Rekindling the ‘Romance of American Communism’

Issue 257

The reissue of Vivian Gornick's classic work of oral history offers activists lessons for today.

Steven Wishnia Jul 24, 2020

If those who do not remember the past are condemned to repeat it, Vivian Gornick’s recently reissued The Romance of American Communism is a crucial book for today’s radical movements.

Gornick takes as her main theme the all-consuming rush of becoming part of a movement bigger than yourself and finding a purpose.

In this oral history originally published in 1977, Gornick, a red-diaper baby from the Bronx and prominent second-wave feminist, wrestles with the complex legacy of the U.S. Communist Party, its major contributions to the labor and civil rights movements of the mid-20th century and its destructively authoritarian internal politics. It mostly consists of pseudonymous interviews with more than 40 mostly former party members, a spectrum of working-class Bronx Jews, Western migrant workers, artists and actors, and middle-class youths with a burning spiritual hunger.

Its main theme is the all-consuming rush of becoming part of a movement bigger than yourself and finding a purpose. The party offered an ideology to explain the poverty and injustice of the Great Depression, and an organization dedicated to upending it and creating a new world. In the introduction, Gornick writes that she’s now embarrassed by the purple romance-novel prose she used to describe her subjects, but the concept of “romance” fits their passion.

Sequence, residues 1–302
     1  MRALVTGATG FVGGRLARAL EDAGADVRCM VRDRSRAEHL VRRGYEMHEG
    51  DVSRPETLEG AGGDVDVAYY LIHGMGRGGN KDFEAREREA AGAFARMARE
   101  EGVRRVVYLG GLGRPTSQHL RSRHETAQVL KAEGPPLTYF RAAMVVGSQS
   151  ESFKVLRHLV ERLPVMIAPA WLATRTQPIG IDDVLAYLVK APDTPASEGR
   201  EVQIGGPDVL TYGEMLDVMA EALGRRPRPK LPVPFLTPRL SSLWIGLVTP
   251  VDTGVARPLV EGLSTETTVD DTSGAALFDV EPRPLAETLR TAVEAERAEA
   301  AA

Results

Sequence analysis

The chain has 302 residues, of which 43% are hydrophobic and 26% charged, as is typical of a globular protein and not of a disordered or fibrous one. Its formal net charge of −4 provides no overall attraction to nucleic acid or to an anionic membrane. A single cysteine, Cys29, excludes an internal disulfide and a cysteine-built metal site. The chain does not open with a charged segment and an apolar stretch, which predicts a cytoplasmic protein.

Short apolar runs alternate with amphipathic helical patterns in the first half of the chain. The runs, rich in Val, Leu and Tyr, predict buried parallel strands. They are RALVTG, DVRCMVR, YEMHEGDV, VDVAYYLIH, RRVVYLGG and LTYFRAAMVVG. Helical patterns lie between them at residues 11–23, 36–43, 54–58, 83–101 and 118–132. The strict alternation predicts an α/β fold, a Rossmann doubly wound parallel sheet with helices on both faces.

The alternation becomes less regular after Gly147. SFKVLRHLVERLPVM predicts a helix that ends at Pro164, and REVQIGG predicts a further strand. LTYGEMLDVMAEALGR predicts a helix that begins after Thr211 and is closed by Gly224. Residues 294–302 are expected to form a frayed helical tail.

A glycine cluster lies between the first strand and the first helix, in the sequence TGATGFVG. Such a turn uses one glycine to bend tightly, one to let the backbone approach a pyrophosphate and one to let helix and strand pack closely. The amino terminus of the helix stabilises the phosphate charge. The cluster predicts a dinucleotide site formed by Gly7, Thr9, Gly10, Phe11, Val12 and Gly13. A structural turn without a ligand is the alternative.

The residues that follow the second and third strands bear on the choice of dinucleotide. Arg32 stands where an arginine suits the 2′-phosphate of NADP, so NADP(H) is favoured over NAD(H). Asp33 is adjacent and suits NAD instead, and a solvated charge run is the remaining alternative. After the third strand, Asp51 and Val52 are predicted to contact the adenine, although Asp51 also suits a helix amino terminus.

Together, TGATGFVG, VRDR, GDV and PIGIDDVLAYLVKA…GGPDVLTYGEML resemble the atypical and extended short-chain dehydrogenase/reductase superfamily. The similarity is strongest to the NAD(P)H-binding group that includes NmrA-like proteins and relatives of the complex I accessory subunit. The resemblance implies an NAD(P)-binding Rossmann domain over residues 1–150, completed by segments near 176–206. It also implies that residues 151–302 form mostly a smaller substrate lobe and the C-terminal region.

To the CP’s credit, the far-right canard that the labor and civil rights movements were heavily red-tinged contains a good bit of truth. Some of the hardest-core union organizers of the 1930s were Communists, organizing transit, textile, and port workers by industry instead of limiting themselves to skilled craftsmen. They organized strikes by thousands of California farmworkers in the early 1930s, a time when one national craft-union official Gornick quotes said “only fanatics are willing to live in shacks and get their heads broken in the interests of migratory labor.”